From Lybia to Egypt - In trail of the English Patient: László Almásy



Attila Lóránt, founder of Disappearing Cultures Foundation, followed the route of the renowned Hungarian desert explorer László Almásy to experience the legendary places and discoveries related to Almásy and to compare their present conditions with his original descriptions. The destination was the Lybian desert; the spots that were desired to achieve were: El Vadi Kufrah "the promised land", where Almásy was honoured with the title Abu Ramla - the Father of Sand; then the Uveinat Mountains, where he discovered rock paintings in the caves; Zarzura, that lays in the Gilf Kebir mountains and harbors the Cave of Swimmers; and on the way to these destinations the Abu Ballas - the Father of Jugs, where legends come to life.




In trail of the Desert Lover, Attila Lóránt and his company started off into the Sahara three times. On their first expedition they set off from the Kadhafi-ruled Lybia and kept heading east along the extension of the Mediterranean Sea. Almásy served as a German reserve officer in this region between 1941 and 1944. Following his route Attila's team travelled from Tripoli to Tobruk trough Ajdabiyah. Their journey was frequently distracted by military controls.
Despite all the technological and historical developments, during their travelling they had to face the same obstacles as Almásy did almost one century ago. The price of freeing the wheels was a bitter fight every time they got stuck in the sand, and while waiting for the boiled cooling water to cool down they had to fear all the unfamiliar cars approaching in the distance - they could never know whether they carried friends or enemies )bandits, soldiers or rebels) inside. However they had pleasant experiences as well: Attila's tuareg mates told a plenty of folk legends around the camp fire and once they were hosted by a nomadic herder family in their tent.
In El Vadi Kufrah, a city famous for its camel fairs, they sadly experienced that now the once green oazis had lost its old shine. Supplemented by military escort they continued their way to the Uveinat mountains, now on deserted areas without built roads. Their first expedition came to a forced end, because the army temporarily closed the area referring to bandit attacks.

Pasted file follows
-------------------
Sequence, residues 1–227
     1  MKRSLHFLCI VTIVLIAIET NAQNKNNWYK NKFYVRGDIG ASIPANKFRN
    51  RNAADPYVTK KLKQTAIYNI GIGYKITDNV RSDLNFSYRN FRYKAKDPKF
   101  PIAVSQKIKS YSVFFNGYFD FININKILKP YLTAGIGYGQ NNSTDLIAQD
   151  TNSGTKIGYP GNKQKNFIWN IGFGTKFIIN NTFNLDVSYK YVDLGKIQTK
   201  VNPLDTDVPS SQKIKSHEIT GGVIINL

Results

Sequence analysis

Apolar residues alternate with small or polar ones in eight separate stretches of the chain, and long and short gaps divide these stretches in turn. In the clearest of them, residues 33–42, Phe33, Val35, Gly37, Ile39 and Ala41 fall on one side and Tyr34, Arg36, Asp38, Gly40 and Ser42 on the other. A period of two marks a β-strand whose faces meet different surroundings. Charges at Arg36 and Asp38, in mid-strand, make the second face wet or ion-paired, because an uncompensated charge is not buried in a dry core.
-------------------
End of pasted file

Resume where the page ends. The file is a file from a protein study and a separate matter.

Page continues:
The second trip

Attila Lóránt started again on the same route with the same company. This time they arrived successfully to the Uveinat mountains and reached the rock paintings that were glimpsed by Almásy in 1933. The

The walls richly covered with paintings of giraffes, antilopes, cow herds and wild sheeps proove the one-time abundance of the place. The local people always knew about these drawings, they believed they were created by ancestral ghosts and jins before their settlement. In this place the team had to experience the threat of desert bandits again, so they were glad to leave and continue their journey to an other famous discovery of Almásy, the legendary Zarzura. However, at the Sudanese-Egyptian border they had to face a new obtacle: the border was closed for the tuareg members of the group who had Lyberian passport.

The third trip

This time they started off from Egypt. Firstly they visited Zamalek in Kairo where Almásy lived and then they explored the old town where the English Patient spent a lot of time during his stays in the city. They departed from Baharya oazis to their first destination the Mountain of Jugs, where after some time of digging in the hot sand they found intact jugs. Their journey was full of discoveries: they found a vehicle used in the World War II, then a gasoline can presumably left behind by Almásy himself as a signal object on the road to the Gilf Kebrir mountains. Before reaching their final destination Zarzura, they visited the Cave of Swimmers in the Valley of Pictures.
We were guided by the notes of Almásy, and he was guided by two swallows to the secret oazis, which today has no sign of its old beauty.

All in all our expedition was successful: we have learned that the desert lives its own life. There come some years with better weather and the valley turns green, then everything burns out again.Those who stay alive break away and start to tell new legends. From now on not only these stories keep the misterious world of the desert, but László Almásy's unforgetable writings too - and maybe a little bit Attila Lóránt's photos as well.

- You can find more details and photos about these expeditions in the National Geographic Hungary's 27 pages long article (December 2009) -